Following the slightly stale experience that was Assassin’s Creed: Revelations, Ubisoft found one of its flagship series on the brink of franchise fatigue. Luckily for fans, Assassin’s Creed 3 innovates more than any entry in the series to date, completely steering clear of all-too-common issues that come with yearly releases in a franchise. By introducing a new setting, a new assassin, and new game mechanics, Ubisoft has done more than just deliver on every promise made to fans during development; Ubisoft has put out one of the most immersive games of 2012.
Assassin’s Creed 3 — Welcome to the Revolution
Assassin’s Creed 3 brings players to a new locale that starkly contrasts 12th century Europe: the American Revolution. While this 18th century setting may be entirely different from the first four games in the series, upon exploring the diverse landscapes and bustling cities, it would be difficult to argue that colonial America is a poor choice for an Assassin’s Creed game. Free-running through the unspoiled wilderness that was the east coast in 1775 is rewarding and majestic in a way that has not been experienced in the franchise to date. In addition, the setting enables Connor, the new protagonist, to combat the Templars in many fresh, new ways.
The free-running and hand-to-hand combat systems have received noticeable upgrades. With colonial America having some serious forestation, Connor possesses the convenient ability to run through the treetops. Not only does this help remedy one of the biggest problems of past Assassin’s Creed titles, where climbing felt mindless, with the character doing all of the heavy lifting while the player just held forward, but it also adds an excellent new dynamic to stalking prey and moving from point A to point B. This also helps out with one of Connor’s most brutal new weapons: the Rope Dart, which can be used to string up enemies and hang them from trees. The only downside with the new free-run mechanic is that it has a tendency to activate climbing even when the player is only pushing the button to “fast walk,” making it quite difficult to stalk at times.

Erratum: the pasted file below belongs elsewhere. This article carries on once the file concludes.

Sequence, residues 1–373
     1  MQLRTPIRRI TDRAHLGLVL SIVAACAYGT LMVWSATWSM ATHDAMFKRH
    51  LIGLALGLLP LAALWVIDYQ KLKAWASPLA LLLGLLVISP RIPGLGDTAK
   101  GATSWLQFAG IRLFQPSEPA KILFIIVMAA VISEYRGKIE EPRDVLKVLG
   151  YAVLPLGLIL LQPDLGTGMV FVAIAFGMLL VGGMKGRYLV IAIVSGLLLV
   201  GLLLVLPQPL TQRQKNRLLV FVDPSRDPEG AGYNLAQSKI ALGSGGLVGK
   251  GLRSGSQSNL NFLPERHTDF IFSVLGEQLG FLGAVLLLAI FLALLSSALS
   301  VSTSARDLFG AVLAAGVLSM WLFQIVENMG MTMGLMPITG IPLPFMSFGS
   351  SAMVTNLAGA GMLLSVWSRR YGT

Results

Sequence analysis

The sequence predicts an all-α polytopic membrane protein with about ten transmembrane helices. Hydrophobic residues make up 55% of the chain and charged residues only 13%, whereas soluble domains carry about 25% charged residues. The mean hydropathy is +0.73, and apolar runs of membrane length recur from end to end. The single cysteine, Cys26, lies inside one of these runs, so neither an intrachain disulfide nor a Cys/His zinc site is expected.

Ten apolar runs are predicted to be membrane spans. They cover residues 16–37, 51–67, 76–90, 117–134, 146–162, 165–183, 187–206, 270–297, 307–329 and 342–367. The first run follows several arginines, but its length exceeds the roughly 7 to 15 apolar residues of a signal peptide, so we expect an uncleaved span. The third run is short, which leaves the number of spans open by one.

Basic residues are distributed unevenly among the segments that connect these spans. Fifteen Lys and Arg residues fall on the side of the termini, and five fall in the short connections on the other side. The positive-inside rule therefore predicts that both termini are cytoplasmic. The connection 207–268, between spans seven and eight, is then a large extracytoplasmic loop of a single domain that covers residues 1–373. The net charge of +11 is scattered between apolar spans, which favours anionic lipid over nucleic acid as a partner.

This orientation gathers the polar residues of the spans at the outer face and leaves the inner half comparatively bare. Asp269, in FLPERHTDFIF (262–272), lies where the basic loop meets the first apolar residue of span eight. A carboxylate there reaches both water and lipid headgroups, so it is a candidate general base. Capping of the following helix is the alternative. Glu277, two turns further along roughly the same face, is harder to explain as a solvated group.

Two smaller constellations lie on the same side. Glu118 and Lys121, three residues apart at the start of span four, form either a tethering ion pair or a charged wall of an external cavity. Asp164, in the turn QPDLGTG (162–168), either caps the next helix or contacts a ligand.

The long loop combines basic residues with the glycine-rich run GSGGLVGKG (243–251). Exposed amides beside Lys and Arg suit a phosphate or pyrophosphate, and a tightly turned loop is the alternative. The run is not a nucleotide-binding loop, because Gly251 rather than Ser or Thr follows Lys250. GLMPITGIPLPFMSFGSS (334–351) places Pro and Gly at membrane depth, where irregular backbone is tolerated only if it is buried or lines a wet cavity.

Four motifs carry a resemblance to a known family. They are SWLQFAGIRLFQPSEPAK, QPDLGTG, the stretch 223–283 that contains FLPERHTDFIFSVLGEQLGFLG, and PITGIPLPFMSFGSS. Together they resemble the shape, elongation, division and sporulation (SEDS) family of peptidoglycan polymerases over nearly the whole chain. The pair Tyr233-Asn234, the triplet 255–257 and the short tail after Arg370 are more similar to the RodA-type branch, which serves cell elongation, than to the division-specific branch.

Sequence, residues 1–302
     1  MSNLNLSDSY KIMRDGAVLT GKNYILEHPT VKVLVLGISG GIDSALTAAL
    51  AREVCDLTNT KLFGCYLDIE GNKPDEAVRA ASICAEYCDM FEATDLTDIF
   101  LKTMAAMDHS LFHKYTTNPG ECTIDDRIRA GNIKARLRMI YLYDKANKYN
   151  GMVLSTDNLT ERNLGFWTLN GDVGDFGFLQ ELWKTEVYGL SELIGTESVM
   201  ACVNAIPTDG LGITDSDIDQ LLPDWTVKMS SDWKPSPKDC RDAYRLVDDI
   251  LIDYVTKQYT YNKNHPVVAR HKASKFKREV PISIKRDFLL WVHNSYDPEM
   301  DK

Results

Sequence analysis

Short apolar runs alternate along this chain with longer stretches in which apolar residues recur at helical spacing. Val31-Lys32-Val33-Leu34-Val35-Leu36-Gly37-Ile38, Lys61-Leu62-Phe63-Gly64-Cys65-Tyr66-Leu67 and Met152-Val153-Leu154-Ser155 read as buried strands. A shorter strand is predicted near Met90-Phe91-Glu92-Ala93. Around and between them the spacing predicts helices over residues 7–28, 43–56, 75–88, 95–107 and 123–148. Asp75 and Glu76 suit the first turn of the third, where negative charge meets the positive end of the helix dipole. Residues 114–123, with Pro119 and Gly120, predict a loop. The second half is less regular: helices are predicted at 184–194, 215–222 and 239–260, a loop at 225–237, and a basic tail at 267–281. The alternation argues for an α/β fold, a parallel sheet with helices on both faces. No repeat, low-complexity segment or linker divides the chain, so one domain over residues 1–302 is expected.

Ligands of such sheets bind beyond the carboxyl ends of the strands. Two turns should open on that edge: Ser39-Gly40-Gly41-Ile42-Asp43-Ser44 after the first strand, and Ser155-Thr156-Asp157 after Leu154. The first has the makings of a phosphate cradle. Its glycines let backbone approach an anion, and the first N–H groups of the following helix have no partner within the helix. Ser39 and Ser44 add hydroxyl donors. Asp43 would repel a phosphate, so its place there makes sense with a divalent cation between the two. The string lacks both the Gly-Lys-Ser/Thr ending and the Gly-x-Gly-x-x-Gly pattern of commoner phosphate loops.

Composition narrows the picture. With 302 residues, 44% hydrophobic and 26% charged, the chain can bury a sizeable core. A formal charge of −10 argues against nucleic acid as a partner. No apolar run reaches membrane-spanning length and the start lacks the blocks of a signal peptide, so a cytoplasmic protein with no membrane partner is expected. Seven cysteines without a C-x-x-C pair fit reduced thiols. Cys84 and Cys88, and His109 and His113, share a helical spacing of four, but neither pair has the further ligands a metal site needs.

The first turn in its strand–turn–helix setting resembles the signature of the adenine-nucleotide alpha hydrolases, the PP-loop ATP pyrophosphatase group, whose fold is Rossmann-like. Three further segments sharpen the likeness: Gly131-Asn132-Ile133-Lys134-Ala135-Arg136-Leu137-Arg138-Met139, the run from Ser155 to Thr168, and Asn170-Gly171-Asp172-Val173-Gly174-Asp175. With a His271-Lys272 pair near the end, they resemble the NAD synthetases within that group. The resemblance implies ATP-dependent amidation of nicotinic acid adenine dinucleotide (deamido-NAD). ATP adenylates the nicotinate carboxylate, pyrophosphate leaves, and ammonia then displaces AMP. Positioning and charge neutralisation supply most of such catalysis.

Once engaged in hand-to-hand combat, players can grab nearby enemies and use them as human shields in order to counter the new prevalent threat of conventional firearms being used in battle. In addition, the counter system has received an overhaul, making it so players must press another button to follow up the blocked blow in order to have any kind of effect on the enemy. While this is a seemingly small addition to the system, it does wonders for making combat seem less passive.
Beauty beyond visuals
Assassin’s Creed 3 is, on the whole, a technically impressive game. Ubisoft Montreal has expanded the maximum number of populated NPCs at any given time from 200 in Revelations to 2,500 in this year’s game. While looking over a crowd consisting of thousands of independently-spawned AI characters is impressive, what strikes me most about Assassin’s Creed 3 are the little things: the footprint left in that one tiny muddy patch on the ground when Connor walks through it, the way Connor’s running changes based on depth of snow or water… Most importantly, Assassin’s Creed 3 succeeds in creating an ambiance that sets this game apart.